Appalachia Appalachia Through My Eyes

Appalachia Through My Eyes – Onions, Bumble Bees, and Deceit


The bees have been going crazy over my onions-if you look closely at the photo you can see most of the flower heads have bees on them or near them. My Uncle asked me how I got such big onions for this time of the year-I told him that was my experimental onion bed. I’ll tell you the truth-those onions never got eaten or pulled up last year cause somebody laid down on the onion growing job (that would be hmm… me). Now I’m wondering-will onions that I planted last year just keep growing-I mean will I actually have onions as big as the ones I buy at the grocery?

Have you ever made up a story to hide your laziness-or am I alone in my deceit?

Tipper

Appalachia Through My Eyes – A series of photographs from my life in Southern Appalachia.

 

 

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20 Comments

  • Reply
    Caro
    May 10, 2011 at 3:28 pm

    Your asking about a deceitful story put me in mind of my ex husband. I love him dearly, but ways parted at last. At this time he was housebound after surgery, but not by any means helpless or bedridden. I was working at a bakery, lifting 60 lb bunches of dough, slicing and putting bagels into a fabrication machine, plus a double on the weekends as a baker. I was very tired. The Ex was not doing anything to help out in cooking or cleaning. I live in Savannah and those great big water bugs that were in Atlanta are called Palmetto Bugs here, and in the summer they get inside the house, and of course, the next thing they do, poor old things is die. There was a dead bug on the living room floor and I decided to see how long it would be before the Ex picked it up. I waited two days and called his attention to the dead bug. With a lopsided grin the Ex replied, “I KNEW I should’ve moved that bug.” Not exactly deceit but a funny moment.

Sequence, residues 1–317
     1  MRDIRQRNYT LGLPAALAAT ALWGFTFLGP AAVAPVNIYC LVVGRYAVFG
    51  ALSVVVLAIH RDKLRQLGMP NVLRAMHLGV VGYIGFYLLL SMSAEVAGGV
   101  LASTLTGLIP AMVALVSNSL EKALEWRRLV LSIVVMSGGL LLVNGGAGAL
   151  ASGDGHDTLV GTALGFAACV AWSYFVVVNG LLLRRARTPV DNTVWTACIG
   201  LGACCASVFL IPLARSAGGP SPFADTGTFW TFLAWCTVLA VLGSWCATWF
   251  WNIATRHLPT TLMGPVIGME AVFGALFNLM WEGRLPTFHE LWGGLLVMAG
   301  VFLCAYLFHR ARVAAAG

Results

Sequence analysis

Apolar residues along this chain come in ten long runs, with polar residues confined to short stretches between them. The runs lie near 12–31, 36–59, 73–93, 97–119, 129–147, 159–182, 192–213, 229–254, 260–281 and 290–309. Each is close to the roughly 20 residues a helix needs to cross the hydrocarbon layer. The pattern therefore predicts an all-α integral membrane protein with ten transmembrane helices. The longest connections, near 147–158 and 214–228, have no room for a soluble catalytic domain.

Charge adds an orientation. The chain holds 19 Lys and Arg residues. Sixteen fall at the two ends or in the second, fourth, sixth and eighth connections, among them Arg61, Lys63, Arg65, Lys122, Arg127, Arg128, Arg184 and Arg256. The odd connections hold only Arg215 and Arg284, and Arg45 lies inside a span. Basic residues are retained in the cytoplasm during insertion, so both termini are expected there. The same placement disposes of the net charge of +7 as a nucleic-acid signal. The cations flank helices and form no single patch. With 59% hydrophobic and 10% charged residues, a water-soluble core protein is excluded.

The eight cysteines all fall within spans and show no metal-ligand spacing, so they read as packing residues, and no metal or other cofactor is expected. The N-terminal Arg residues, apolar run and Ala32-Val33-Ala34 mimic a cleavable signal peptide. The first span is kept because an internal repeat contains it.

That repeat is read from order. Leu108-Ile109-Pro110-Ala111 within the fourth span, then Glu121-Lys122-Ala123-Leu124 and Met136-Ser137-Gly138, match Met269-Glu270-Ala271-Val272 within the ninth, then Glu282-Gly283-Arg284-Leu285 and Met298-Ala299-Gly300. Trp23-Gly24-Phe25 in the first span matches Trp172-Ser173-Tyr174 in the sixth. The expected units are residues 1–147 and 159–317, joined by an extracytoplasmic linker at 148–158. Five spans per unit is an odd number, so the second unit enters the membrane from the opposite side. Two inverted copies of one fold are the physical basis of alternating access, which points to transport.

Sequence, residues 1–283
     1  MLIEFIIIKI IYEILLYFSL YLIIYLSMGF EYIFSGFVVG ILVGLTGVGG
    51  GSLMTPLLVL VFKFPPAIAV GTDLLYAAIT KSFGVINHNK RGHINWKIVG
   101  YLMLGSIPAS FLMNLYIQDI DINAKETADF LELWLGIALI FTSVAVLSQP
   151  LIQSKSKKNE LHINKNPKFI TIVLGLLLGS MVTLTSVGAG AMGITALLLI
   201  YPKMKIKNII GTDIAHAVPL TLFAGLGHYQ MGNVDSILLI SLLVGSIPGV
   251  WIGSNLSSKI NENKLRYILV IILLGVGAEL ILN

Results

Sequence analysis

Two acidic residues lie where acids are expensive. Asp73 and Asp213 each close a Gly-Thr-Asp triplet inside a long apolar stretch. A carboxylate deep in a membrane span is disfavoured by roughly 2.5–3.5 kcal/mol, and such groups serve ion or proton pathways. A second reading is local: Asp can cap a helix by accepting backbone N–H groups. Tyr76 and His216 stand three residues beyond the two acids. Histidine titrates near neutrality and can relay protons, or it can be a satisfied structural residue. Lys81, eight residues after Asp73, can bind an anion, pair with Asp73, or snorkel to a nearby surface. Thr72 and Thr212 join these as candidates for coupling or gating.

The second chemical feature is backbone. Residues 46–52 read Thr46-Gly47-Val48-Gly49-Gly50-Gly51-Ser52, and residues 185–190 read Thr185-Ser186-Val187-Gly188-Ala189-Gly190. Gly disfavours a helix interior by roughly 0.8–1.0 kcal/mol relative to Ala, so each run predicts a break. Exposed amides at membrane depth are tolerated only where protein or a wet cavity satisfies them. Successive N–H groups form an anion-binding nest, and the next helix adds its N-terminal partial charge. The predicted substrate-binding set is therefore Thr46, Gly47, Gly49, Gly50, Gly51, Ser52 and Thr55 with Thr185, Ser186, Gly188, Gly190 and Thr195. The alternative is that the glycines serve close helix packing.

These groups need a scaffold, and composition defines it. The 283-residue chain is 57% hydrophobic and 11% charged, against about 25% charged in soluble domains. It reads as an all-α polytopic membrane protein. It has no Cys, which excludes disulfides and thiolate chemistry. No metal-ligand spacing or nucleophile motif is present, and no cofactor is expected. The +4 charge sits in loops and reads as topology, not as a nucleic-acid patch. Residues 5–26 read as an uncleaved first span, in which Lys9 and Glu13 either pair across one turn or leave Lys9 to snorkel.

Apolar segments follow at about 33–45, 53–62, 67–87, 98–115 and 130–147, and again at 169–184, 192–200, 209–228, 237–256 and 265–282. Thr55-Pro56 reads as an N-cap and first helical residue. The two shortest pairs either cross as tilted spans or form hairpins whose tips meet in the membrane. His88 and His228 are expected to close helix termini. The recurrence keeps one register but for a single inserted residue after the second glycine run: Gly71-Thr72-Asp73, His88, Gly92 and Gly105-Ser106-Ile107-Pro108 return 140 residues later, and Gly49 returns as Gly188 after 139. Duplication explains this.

• Reply
    Becky
    April 30, 2011 at 9:25 am

    LOL, Tipper. You are not alone. I think we have all done that a time or two. tee hee

  • Reply
    Bill Dotson
    April 28, 2011 at 8:31 pm

    Tipper you are experimenting to see if you can grow your own onion sets, right? I have some onions they (locals) call winter onions that you can eat and cook with really early in the spring and they over produce their own sets every year, if you would like some send me your address and I will send you some as soon as they are ready. When they get to doing good the sets just fall of take growth.

  • Reply
    Fishing Guy
    April 27, 2011 at 11:35 pm

    BTW: You should cut the flowers of the top, they do not add to the bulbs. Cut them just above the joint.

  • Reply
    Fishing Guy
    April 27, 2011 at 11:33 pm

    Tipper: Sometimes you have to have a reason for your procrastinaion. I hope they give you a big onion head. Do you take the dirt from around the head to alow them freedom to grow?

  • Reply
    Helen G.
    April 26, 2011 at 8:01 pm

    Don’t look at it as falling down on the onion picking job last year… look at it as a thank you gift for the bees coming to pollinate all the rest of your garden.
    Helen

  • Reply
    dilli
    April 26, 2011 at 7:19 pm

    hehehe… i have been slowly working on a post about my laziness and confessing to some of it as well as how often I kill things.. but I have been lazy n have not finished it yet.. 😀

  • Reply
    RB
    April 26, 2011 at 4:55 pm

    Donna – “I have some experimental carrots like that.”
    We call ’em “volunteers.”
    The people who lived here before we moved in were gardeners. They dug up much of what they planted and took it with them when they moved, but we’ve had many lovely “volunteer surprises” this spring.